The first thing we had to do, once we worked out details with him, was to board up a potential window that was in the concrete foundation on the west side (in the photo at right, you can just see the temporary plywood that we'd had over the window opening ... it has some very yellow Great Stuff foam around it, and over a splice in the plywood). This was a huge, major job for us ... not only was Bruce still not quite up to par (I had to run the circular saw, for example, as his hand was too weak to control it), but we had to dig out the fill around the base. That fill was extremely unstable, and we had dozens of "landslides" that meant we had to dig out the new stuff to clear the area we needed to board up.
Next, we had to remove the old lumber wrap (the white stuff that looks like Tyvek). Then we had to put a wretched, hard-to-control material called Norpro (a thick black plastic film with super-sticky adhesive on the back) over everything to waterproof it, so that Ian could put his metal lath over it.
On our way up to the cabin to work on this wretched task, we stopped at the stone yard in Duluth to pick out our stone. Here's what a "pallet" of stone looks like. This is one of the types of stone we chose. It is from New York state. The other stone we chose is a rusty, yellowish-brown stuff from Montana. We went with 75% of the New York stuff, and 25% of the rusty stuff.
We spent a very intense few days excavating the window opening and boarding it up properly, then getting the sticky black film on it. By the end of it, we were so beat, we could hardly hobble. (We are getting too old for this kind of stuff!)
I had agreed to lead a nature walk on Wild Edibles of the Gunflint Trail on Sunday, July 26. Bruce's niece Carey and her husband Kipp, along with their 6-year-old son Beck and 5-year-old daughter Merritt, came up for the weekend, timing it so they could come along on the nature walk. They are some of our favorite people in the world, and it was nice to do something other than work on that *@#! wall for the weekend.
Unfortunately, the weather was scorching, with temps in the low 90s and very high humidity... not so good for hiking through the brush looking for wild plants! But everyone--particularly the kids--enjoyed swimming in the lake on the days before the hike.
Carey and Kipp shared in meal prep, which was great and gave me a chance to kick back a bit. As a treat, I made a campfire berry cobbler for dinner one night while they were visiting, and our neighbors Deb and Oscar Meyer also came by in time to have a scoop.
Ian showed up bright and early on Monday morning, and got right to work. The process of installing stone facing is pretty interesting to watch. First, he puts tar paper over everything, to provide a moisture barrier.
Now for the fun part! Ian sits on the ground and holds a piece of stone on his knee and whacks at it with a chisel and hammer, or just holds it in his hand and chips at it with his hammer, to get it into the shape he wants. (It takes a good eye to figure this stuff out, and Ian is really good at that.) I was amazed when I realized that he never wore gloves, and when I asked him about it he just shrugged and said that his hands were his gloves. He's got pretty tough skin. His black lab, Sam, is in the background.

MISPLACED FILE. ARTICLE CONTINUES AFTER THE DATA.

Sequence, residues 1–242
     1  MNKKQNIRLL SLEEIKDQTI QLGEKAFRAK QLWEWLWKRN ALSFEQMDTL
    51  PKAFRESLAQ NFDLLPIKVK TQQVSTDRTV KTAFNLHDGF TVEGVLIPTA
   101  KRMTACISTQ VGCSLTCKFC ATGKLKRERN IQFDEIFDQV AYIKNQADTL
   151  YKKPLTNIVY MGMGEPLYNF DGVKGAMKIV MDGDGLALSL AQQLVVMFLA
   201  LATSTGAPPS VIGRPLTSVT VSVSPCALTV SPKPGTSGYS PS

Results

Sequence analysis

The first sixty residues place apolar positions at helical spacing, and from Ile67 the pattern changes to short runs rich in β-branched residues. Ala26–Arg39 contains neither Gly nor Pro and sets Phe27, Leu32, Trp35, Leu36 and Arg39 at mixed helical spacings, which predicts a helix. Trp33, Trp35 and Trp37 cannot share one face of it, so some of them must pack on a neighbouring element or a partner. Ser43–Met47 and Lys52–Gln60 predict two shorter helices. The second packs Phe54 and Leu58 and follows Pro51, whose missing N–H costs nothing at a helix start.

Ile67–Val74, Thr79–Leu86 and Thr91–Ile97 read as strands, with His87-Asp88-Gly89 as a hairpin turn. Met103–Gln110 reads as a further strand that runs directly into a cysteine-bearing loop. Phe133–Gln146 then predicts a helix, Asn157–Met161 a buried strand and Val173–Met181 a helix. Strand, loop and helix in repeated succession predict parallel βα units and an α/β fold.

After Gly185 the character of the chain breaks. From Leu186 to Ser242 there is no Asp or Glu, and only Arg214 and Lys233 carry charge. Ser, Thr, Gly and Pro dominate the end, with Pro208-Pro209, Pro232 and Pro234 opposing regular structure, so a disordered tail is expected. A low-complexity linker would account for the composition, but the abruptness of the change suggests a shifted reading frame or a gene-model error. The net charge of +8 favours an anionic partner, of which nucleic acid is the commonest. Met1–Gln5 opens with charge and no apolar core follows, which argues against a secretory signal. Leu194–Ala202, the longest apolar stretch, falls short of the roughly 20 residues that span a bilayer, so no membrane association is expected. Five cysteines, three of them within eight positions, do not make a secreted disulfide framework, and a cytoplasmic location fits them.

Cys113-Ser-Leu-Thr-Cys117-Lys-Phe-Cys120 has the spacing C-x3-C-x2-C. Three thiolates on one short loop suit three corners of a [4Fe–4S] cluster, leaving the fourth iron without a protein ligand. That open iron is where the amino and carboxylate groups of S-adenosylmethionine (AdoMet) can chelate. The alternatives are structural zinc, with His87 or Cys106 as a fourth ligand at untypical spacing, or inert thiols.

He "butters" the back of each stone with some of the same mortar he used for the scratch coat, then puts it in place on the wall. Unbelievably, it does not fall off; he just wriggles it a bit and holds it for a minute or two, and it stays in place. His yellow lab, Tess, is helping out in these photos.
This continues until the whole area is filled with stone. It's really something to watch him trying out various pieces of stone--which, as you can see, are irregularly shaped--to see what might fit, and then tailoring that piece so it fits just right. He's a real artist at this.
After all the stone was applied, he did the tuckpointing--basically, a process like putting grout between tiles. We had to leave before he got the tuckpointing done, so he sent us photos. And in the two side-by-side shots below, you can see what the stone looked like before and after the tuckpointing. (I'm not sure why the color looks so different between the two shots. I know that he washed the stone after the tuckpointing was done, so that may account for some of it. Also, the light was probably different when I took each of these shots. The shot on the right is more accurate for color and texture.)
We were so pleased with his work when we came back and the entire cabin foundation had been surfaced with stone, and tuckpointed. Here's what it looked like when we came back a week or so later. Next step: Getting the landscaping done. We've had terrible problems with erosion, because so much of the area around the cabin is fill that has been added over the years and it was becoming terribly unstable. Every time it rained, we had new gullies appearing, and more fill washing down the hill. (The next post shows the landscaping.)
While we were up on this trip, we installed a new kitchen sink and faucet--in a temporary plywood counter. We started planning the bathroom, which will be in the lower level. We had a bunch of work to do before the plumbers could come in and hook up the water line to the filtration system and water heater, and also connect everything to the drain lines that go to the septic tanks. Always something!
Throughout the spring and summer, we'd been enjoying the antics of a local gray jay family. The parents brought their three babies to our place in May, but by July they were down to one youngster. We later read that the dominant youngster apparently drives off any others, because there won't be enough food for the family during winter (gray jays are year-round residents on the Northland, and apparently survive largely on food that they cache). Here's one of them enjoying a walnut snack on our deck in August.